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Dozens of deaths tied to heat wave over last 2 weeks

In the hot zone emergency room visits are on the rise as the number of heat-related deaths rose, especially among the sick and elderly. NBC's John Yang reports.

Cooler weather was on the horizon for the Midwest, but not before two weeks of oven-like temperatures had taken their toll: at least 46 deaths were tied to the heat over that period, according to a list compiled by the Weather Channel. Friday also saw the 9th straight day at 100 degrees or above in St. Louis, Mo., and the third straight day above 100 in Chicago.

Virginia saw the most heat-related deaths with 10, followed by Maryland (9) and Illinois (6). Three of the dead were children, with the rest adults between 45 and 83.

Temperatures in the Midwest should be back in the 80s by Sunday -- but only after another hot round on Saturday as the heat wave shifts to the East Coast.

Washington, D.C., on Saturday could break its all time record of 106, the Weather Channel reported. Same with Pittsburgh (103) and Louisville, Ky., (107). 

The heat wave has included several rounds of storms that add to the misery.

The extreme heat in Indianapolis, Indiana is proving to be too much for a chocolatier's air conditioning system, reluctantly closing rather than risk having their inventory melt. WTHR's Emily Longnecker reports.

Following last weekend's storms, at least 406,000 people were without electricity on Friday in West Virginia, Virginia, Maryland and Ohio, power companies said.

Indiana, Virginia and West Virginia on Thursday saw new storms and new power outages, while the same happened in Michigan on Wednesday.

St. Louis, Milwaukee, Minneapolis, Chicago and several other Midwest cities already have broken heat records this week. 

St. Louis hit a record high of 105 on Wednesday and a record low of 83. The city hadn't seen 9 straight days at or above 100 since 1936.

In Chicago, three straight days above 100 hadn't been seen since 1947 and the city has no longer stretch on record. There's a slight chance that could be broken Saturday.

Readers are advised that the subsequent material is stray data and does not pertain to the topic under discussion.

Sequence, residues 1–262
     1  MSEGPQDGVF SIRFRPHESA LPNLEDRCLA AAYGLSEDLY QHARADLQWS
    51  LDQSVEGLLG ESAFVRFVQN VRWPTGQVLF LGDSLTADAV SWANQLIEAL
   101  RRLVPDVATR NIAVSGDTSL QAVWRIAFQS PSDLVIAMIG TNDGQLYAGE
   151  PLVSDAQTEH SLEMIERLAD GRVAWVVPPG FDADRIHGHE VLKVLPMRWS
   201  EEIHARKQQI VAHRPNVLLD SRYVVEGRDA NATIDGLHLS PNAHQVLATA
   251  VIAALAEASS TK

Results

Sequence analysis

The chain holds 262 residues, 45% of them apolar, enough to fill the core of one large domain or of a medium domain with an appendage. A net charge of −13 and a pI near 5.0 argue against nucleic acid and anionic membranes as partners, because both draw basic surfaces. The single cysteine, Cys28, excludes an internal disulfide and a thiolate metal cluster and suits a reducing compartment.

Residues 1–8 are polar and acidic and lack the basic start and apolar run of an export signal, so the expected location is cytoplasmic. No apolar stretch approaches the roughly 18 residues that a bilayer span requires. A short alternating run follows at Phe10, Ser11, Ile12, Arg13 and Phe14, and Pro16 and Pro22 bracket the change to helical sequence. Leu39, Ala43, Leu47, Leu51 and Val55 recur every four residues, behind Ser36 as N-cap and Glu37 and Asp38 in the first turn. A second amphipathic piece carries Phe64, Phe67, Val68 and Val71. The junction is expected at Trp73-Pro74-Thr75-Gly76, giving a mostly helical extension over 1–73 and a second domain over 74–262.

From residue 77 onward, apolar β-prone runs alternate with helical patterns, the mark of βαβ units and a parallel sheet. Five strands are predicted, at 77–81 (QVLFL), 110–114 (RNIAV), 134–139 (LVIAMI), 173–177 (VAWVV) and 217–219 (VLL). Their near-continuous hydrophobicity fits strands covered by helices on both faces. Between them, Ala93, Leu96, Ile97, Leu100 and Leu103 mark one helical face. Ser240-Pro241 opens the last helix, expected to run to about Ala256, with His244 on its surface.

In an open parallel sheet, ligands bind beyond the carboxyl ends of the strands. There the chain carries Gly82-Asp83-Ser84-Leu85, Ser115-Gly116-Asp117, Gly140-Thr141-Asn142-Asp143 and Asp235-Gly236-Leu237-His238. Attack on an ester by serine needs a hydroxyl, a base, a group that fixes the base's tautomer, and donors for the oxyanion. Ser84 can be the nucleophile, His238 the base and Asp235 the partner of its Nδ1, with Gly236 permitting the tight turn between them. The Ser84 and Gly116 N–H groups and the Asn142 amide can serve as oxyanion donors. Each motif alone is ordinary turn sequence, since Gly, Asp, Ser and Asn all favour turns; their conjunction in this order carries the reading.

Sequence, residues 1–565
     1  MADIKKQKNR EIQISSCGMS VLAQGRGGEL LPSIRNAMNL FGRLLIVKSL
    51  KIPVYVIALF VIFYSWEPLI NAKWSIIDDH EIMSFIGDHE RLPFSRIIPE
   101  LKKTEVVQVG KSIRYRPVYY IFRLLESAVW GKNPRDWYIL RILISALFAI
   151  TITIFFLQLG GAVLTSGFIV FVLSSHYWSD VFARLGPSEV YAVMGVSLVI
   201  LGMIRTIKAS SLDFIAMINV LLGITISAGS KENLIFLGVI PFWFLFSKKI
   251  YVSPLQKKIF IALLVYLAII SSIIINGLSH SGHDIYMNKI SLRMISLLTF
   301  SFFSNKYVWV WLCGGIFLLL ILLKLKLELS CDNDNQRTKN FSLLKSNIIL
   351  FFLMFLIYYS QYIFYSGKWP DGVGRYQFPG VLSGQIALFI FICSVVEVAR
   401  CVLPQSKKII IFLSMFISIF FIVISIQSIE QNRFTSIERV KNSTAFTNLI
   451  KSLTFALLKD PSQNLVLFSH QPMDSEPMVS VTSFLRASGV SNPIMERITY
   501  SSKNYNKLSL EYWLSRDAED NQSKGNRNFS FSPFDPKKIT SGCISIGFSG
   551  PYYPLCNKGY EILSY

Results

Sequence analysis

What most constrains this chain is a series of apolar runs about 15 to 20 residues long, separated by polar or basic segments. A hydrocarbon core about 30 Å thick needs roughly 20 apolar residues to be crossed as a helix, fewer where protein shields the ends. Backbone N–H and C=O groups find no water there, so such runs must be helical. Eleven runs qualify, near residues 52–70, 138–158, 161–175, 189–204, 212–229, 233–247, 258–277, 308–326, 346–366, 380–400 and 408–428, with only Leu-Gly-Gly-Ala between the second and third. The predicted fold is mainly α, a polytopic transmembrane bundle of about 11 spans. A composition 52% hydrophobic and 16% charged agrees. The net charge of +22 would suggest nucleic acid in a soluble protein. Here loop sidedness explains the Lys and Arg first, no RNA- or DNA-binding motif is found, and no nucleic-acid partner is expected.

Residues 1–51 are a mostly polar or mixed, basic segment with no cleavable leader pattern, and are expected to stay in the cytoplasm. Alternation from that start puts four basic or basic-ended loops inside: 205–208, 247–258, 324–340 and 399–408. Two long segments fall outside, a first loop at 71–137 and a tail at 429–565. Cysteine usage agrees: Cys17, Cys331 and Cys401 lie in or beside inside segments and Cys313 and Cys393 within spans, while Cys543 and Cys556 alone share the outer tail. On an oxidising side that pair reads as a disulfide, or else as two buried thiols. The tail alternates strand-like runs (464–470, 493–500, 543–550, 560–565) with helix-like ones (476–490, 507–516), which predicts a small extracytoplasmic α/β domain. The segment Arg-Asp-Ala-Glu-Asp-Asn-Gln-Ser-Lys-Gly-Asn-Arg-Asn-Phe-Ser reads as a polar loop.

In Wisconsin, the coolest Milwaukee and Madison got was 81 in the early morning, beating previous low records by 2 and 4 degrees respectively. Temperatures didn't fall below 79 in Chicago, 78 in Grand Rapids, Mich., and 75 in Indianapolis.

"When a day starts out that warm, it doesn't take as much time to reach high temperatures in the low 100s," said Marcia Cronce, a meteorologist with the National Weather Service. "You know it'll be a warm day when you start out at 80 degrees."

Investigators say at least two deaths in the Midwest are the result of the sweltering heat that continues to cook the region. NBC's John Yang reports.

When the air conditioner stopped in Ashley Jackson's Southfield, Mich., home, so too did normal conversations and nightly rest. 

"Inside the house it was 91 degrees. ... I wasn't talking to anybody. Nobody was talking to anybody," said Jackson, 23, who works as a short-order cook in Detroit. "We mostly slept, but it was hard to sleep because of the heat. I probably got about four hours of sleep each night."

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In Chicago on Thursday, the Shedd Aquarium lost power as temperatures soared to 103 degrees, a record for July 5. Officials said emergency generators immediately kicked in and the outage never threatened any of animals, but several hundred visitors were sent back out into the heat.

Celebrating the warm summer months, as schools let out and the cooling off begins


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The other heat-related deaths happened across a wide swathe of the country: Alabama (5), Missouri (5), Ohio (3), Wisconsin (3), Tennessee (2), South Carolina (2) and Kentucky (1).

The heat has also taken a toll on agriculture. 

Dean Hines, the owner of Hines Ranch Inc. in the western Wisconsin town of Ellsworth, said he found one of his 80 dairy cows dead Thursday, an apparent victim of the heat. He said he was worried about the rest of his herd, in terms of death toll, reproductive consequences and milk production. 

"We're using fans and misters to keep them cool," he said. "It's been terrible. When it doesn't cool down at night, the poor animals don't have a chance to cool down."

The Associated Press and Reuters contributed to this report.

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